In this, we are concerned with personal religion styled to Belgic religion, therefore we will focus on private votum practice. Versnal also writes:

‘Let us, for the sake of convenience, recall C. Ausfeld’s formal division of prayer into invocatio (invocation by means of the name, surname, epithets and descriptive predicates), the pars epica (in which the suppliant explains why he is calling on this particular god for help, what his relation- ship with the deity is, and why he thinks he can count on his assistance) and the actual preces (the content of the wish).’[8]

We then have three steps for prayer:

1. Invocatio

2. Pars Epica

3. Preces

In terms of personal religion, one would perform the tripartite prayer format. Then after one would receive the god’s gift, the performer would give ex voto (the actual offering) along with making documentation, proving that the vow was fulfilled, keeping the documentation in a separate space dedicated for such a practice. As Versnel marks, public Votum was kept by Pontifices in archival storage. However, inscriptions do show private votum using formulaic phrases, so it’s not a stretch to say that personal religion can in fact do the same. 

Thus, for our purposes, we would have a quadripartite prayer format for Votum or Oitos: 

1. Invocatio / Uediiâ (Invocation):

2. Pars Epica / Breitra (argument):

3. Preces/ Petiûmi (Petition/Prayer):

4. Votum / Oitos (Oath/Vow):

If one wanted to, they could take out the Roman element of documentation of the votum and leave the entire process oral, as pre-Roman practices indicate. However, considering the readiness to adapt said Roman practices, it would not be an off color addition to the ritual format. If it’s desired to be kept, we can make it more ‘Celtic’ by utilizing Gaulish dialects in the documentation and use characters other than the Latin Alphabet, such as the Lepontic Alphabet, which would be appropriate considering the ancestral Belgic rulers migrated from the Balkans, where it was used. This wouldn’t be a requirement, but it would a little more flavor to the praxis. 

An example then would be: 

 Invocatio / Uediiâ (Invocation): 

Gaulish- Sironin wediûmi, Dêwin Lugrâs, Dêwin Admesserâs, Ariyin Natrigon, Ariyin Andounnânon.

English- Sironâ I invoke, The Goddess of the Moon, The Goddess of Time, Lady of Serpents, Lady of Wells

Pars Epica / Breitra (argument):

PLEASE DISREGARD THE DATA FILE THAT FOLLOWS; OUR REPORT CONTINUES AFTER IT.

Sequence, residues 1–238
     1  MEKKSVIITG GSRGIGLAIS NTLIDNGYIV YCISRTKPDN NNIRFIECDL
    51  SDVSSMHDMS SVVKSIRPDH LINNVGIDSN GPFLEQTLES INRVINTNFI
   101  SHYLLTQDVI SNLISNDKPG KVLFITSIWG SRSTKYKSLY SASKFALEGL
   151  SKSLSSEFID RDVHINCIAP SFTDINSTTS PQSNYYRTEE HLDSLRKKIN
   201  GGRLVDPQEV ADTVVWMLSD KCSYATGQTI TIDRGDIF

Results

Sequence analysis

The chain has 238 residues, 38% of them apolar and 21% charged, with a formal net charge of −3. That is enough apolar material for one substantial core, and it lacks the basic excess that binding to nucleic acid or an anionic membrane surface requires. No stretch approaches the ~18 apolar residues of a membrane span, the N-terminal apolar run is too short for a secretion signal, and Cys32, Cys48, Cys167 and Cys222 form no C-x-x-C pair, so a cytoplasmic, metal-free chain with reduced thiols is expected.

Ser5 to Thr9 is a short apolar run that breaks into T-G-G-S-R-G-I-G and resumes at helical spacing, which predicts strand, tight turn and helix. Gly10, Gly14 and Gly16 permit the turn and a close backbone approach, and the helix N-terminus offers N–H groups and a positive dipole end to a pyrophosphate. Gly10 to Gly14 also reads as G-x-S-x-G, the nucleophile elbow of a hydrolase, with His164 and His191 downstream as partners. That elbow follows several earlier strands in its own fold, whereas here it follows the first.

I don’t have an example in Gaulish for this just yet, but Versnel explains ‘in which the suppliant explains why he is calling on this particular god for help, what his relation- ship with the deity is, and why he thinks he can count on his assistance’. So in English, it might be something akin to ‘I call to you because you, night serpent, have never abandoned me and have always kept me and mine in good health”. Or even a recounting of the god’s deeds mythologically.

Preces/ Petiûmi (Petition/Prayer): 

Gaulish- Yâ detsi slaniyin amê eti wirobo anextlon bouboc.

English- That she give health/safety to us and protection to people and cattle.

Votum / Oitos (Oath/Vow): 

This is where one would make a vow to the god in question. In English, this might look like ‘I promise to sacrifice 5 loaves of bread in your name in return for keeping my health and cattle safe’. It could even be something more devotional, such as ‘I promise to offer one stick of incense daily without fail for three hundred sixty five days’. 

It would then be up to the petitioner to receive the gift of the god, and follow through with the ex voto (ie offering mentioned in the votum). As was mentioned, it can be documented for records of piety and placed in a sacred/separate space, possibly with the Latin Alphabet, English, or Lepontic Alphabet. 

Like in Latin, the votum inscription can be abbreviated. The phrasing of v(otum) s(oluit) l(ibens) m(erito), which is one of the more common formulas in votum, in a Gaulish dialect might look like  X uregât eion(masculine)/eiâs(feminine) oiton duci budî eti uîrê – X did his vow by will and truth.

Example: How it might look like documented in the Lepontic alphabet:

To Sironâ, Selgowiros did his vow by will and truth.


The abbreviation for UOBU is on the bottom of the example for standard use, should the practitioner decide to use documentation. The system for abbreviation for personal names and gods will probably have to be worked out between the writer and dedicant.


1. Celtic Religions in The Roman Period: Personal, Local, and Global edited by Ralph Haeussler & Anthony King 2018 (entry: Celtic Goddesses From Gallia Belgica and The Germaniae: Characteristics, Dedicants and Ritual Practices by Audrey Ferlut) P. 374-375

2. The Celtic Gauls: Gods, Rites, and Sanctuaries 1987 by Jean Louis Brunaux P. 11

3. The Celtic Gauls: Gods, Rites, and Sanctuaries 1987 by Jean Louis Brunaux P. 12-13

4. Les Religions Gauloises, aouvelles approches Su Les Rituels Celtiques de la Gaule indépendante 2000 by Jean Louis Brunaux P. 147-9

5. The Celtic Gauls: Gods, Rites, and Sanctuaries 1987 by Jean Louis Brunaux P. 103

6. Celtic Religions in The Roman Period: Personal, Local, and Global edited by Ralph Haeussler & Anthony King 2018 (entry: Celtic Goddesses From Gallia Belgica and The Germaniae: Characteristics, Dedicants and Ritual Practices by Audrey Ferlut) P. 377

7. Votum definition on Oxford Classical Dictionary online by H. S. Versnel http://classics.oxfordre.com/view/10.1093/acrefore/9780199381135.001.0001/acrefore-9780199381135-e-6862?result=194&rskey=ixzUuP

8. Faith, Hope and Worship: Aspects of Religious Mentality in the Ancient World. Studies in Greek and Roman Religion Volume 2 edited by H. S. Versnel in Co-operation with F.T. Van Straten 1981 P. 2